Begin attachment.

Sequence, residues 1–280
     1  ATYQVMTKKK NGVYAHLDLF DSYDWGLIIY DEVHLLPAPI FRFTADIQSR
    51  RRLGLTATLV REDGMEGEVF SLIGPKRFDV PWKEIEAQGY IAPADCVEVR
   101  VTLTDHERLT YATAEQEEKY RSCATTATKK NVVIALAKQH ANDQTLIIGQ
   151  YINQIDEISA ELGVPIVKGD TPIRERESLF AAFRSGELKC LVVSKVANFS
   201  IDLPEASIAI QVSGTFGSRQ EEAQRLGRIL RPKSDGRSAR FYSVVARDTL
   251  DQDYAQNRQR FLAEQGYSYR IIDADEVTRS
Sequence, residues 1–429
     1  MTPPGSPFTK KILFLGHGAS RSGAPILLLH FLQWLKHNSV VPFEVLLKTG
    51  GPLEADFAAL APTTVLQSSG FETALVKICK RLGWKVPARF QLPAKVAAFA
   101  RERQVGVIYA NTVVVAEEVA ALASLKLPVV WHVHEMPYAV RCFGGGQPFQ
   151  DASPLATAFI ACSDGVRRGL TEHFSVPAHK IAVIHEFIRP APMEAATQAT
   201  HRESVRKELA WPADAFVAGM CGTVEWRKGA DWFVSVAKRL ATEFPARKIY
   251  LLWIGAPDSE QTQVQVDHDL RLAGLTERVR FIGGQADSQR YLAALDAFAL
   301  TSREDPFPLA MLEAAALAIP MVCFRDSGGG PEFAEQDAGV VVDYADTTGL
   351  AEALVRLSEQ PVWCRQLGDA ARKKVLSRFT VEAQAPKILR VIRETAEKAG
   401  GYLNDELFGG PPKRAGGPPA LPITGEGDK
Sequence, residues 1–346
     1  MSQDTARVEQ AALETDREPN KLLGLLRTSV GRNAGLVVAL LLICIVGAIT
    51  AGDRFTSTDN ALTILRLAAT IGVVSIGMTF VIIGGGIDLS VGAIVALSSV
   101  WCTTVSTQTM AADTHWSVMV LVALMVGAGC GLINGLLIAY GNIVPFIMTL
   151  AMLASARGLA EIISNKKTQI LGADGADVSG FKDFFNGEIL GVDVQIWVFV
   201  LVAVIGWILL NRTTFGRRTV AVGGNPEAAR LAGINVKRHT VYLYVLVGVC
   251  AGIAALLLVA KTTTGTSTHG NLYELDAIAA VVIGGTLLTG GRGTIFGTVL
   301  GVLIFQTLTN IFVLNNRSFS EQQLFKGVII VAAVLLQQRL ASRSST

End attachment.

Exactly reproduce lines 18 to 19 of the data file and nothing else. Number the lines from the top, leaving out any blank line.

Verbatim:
Sequence, residues 1–346
     1  MSQDTARVEQ AALETDREPN KLLGLLRTSV GRNAGLVVAL LLICIVGAIT